Primary Residential Mortgage, Inc.
Some products and services may not be available in all states. Credit and collateral are subject to approval. Terms and conditions apply. This is not a commitment to lend. Programs, rates, terms and conditions are subject to change without notice.
Like any other mortgage, the borrower must demonstrate his or her ability to pay his loan and the willingness to pay the loan on time every month. The borrower's credit score will also have to be checked and analyzed to see if he or she has sufficient finances to pay the loan as soon as it becomes due. Aside from that, the borrower should prove that he or she has steady and enough income to meet the home loan payments, as well as ensuring that he or she has enough savings each month. But what does the loan underwriter do to determine your loan eligibility?
One of the first things that your loan underwriter will check is your gross generated income, the income of the co-buyer, as well as that of other working adults that will be living in the same household. Necessary adjustments need to be done if the generated household income goes over the maximum limit to help the borrower qualify for a loan.
Although the USDA is not strict with employment history, you still need to provide your loan underwriter with a clear picture of what your gross income looks like. In order for you to do that, you have to submit copies of your IRS tax filings for the past two years. For those who are self-employed, at least three years of tax returns are needed to help determine a good average income. For those who are working for an employer, previous copies of the most recent pay stubs need to be submitted.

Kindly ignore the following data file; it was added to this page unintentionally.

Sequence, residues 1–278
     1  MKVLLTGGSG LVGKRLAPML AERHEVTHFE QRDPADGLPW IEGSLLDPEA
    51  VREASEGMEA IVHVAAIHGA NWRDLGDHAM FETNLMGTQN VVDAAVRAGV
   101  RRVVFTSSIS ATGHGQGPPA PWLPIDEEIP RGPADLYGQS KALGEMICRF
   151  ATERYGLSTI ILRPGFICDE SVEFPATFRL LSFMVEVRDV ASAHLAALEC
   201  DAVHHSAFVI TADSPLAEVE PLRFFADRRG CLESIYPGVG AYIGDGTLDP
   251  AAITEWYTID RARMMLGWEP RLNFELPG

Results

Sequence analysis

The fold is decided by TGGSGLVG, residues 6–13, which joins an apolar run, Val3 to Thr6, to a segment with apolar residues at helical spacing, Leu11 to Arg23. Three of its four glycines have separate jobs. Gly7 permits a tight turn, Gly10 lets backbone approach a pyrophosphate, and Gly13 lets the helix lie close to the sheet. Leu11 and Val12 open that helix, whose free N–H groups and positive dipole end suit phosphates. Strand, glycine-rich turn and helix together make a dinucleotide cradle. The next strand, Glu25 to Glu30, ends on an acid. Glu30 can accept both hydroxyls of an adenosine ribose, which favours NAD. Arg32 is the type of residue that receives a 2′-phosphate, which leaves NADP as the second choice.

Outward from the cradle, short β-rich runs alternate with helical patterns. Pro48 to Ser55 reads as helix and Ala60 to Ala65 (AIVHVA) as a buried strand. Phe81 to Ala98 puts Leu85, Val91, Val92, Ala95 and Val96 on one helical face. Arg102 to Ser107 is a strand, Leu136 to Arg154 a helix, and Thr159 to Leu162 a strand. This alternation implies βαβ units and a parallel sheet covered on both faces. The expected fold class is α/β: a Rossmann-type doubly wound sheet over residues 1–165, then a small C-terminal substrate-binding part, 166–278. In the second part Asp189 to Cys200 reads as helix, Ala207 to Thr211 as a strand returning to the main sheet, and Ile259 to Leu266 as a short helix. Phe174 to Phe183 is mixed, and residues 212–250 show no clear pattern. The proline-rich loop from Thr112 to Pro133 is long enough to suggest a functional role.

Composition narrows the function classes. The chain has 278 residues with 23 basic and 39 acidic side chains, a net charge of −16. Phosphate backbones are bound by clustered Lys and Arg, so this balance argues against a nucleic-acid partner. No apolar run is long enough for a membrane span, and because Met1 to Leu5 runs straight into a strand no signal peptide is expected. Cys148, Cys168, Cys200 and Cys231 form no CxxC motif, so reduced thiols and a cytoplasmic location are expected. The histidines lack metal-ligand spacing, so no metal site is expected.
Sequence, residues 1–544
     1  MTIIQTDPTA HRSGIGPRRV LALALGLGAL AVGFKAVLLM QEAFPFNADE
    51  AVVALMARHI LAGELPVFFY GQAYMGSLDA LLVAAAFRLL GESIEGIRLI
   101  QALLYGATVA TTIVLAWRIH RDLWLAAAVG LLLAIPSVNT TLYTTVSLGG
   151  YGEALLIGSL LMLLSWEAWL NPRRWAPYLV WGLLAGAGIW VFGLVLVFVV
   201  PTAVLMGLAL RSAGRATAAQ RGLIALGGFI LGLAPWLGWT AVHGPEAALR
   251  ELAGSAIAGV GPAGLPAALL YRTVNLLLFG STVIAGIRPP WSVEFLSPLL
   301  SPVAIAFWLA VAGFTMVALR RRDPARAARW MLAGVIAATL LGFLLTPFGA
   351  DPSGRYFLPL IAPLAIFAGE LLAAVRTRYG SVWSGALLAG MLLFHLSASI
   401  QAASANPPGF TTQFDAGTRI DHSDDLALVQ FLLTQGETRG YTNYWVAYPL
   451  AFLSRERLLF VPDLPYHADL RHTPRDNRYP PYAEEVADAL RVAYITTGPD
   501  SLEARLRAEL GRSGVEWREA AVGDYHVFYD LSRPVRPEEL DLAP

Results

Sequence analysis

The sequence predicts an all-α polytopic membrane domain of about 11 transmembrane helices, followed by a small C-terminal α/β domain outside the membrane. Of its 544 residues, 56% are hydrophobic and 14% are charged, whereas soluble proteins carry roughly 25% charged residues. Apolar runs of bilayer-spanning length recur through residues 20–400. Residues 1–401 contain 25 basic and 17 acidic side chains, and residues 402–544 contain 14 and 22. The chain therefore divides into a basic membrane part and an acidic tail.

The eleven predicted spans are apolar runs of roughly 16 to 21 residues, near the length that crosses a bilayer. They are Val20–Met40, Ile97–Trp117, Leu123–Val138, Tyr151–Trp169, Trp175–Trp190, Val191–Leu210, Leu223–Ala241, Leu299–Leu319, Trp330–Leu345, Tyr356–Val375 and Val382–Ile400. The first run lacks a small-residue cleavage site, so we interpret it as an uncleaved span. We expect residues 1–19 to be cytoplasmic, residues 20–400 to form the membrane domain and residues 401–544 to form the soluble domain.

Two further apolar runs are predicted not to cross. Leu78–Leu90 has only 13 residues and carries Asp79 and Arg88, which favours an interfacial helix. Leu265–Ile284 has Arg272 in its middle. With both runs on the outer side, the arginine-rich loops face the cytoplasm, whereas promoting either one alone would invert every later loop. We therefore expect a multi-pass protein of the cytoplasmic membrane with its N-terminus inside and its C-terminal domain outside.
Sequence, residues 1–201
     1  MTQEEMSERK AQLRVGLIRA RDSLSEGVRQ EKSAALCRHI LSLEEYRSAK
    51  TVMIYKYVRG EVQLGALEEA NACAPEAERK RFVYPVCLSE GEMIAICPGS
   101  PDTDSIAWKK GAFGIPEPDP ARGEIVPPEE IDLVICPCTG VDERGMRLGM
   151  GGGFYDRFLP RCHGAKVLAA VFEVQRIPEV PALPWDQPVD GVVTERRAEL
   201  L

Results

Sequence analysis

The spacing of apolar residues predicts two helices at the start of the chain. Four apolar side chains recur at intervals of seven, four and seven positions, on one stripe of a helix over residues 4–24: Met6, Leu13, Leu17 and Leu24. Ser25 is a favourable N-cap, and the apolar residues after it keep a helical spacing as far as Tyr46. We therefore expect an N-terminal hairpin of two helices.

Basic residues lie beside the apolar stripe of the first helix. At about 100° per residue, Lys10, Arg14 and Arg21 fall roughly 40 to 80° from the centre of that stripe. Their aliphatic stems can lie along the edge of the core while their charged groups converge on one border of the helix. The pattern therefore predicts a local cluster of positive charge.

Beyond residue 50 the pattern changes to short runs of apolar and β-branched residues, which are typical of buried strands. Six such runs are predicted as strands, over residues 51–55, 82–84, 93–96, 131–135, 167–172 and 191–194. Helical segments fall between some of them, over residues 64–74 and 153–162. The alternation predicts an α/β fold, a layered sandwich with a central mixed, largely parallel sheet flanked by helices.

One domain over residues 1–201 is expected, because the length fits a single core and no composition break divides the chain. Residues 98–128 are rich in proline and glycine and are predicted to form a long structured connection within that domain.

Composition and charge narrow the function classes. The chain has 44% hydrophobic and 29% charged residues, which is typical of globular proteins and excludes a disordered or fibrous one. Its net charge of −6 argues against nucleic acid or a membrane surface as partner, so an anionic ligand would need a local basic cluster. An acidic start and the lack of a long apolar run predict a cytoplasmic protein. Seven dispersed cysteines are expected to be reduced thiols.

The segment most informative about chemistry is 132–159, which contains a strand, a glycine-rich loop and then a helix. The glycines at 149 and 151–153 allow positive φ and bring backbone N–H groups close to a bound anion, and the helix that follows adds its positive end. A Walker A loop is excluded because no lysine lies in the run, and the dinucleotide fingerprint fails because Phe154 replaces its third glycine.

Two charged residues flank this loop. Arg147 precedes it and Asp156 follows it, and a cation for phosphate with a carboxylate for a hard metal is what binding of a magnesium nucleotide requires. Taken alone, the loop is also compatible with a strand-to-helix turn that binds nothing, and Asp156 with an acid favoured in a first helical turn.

If there are any gaps in the employment history which exceed 30 days, an explanation letter has to be made, unless the generated income during that period is considered seasonal. Those who have less than two years of steady employment history may still be considered eligible as long as there's a strong likelihood of continuing the employment in the same position. As soon as you're ready to file for a USDA guaranteed loan, you may try to find a USDA approved lender who's an expert on the USDA home loan procedure.
Another thing that your lender will check is your credit history. Your credit history report will reflect all your previous debts with other creditors and your payment history as well. It also reflects whether you were able to manage your credit limits or even extended your credit limitations. Any late payments which went over 30 days will also be reflected on your credit history. Other notes such as repossession, bankruptcy, or even foreclosure will also be reflected on your credit report.
Once you've already settled your past credits and debts and have a good credit standing, it will become much easier for your lender to process your USDA loan application.<< Back to the list.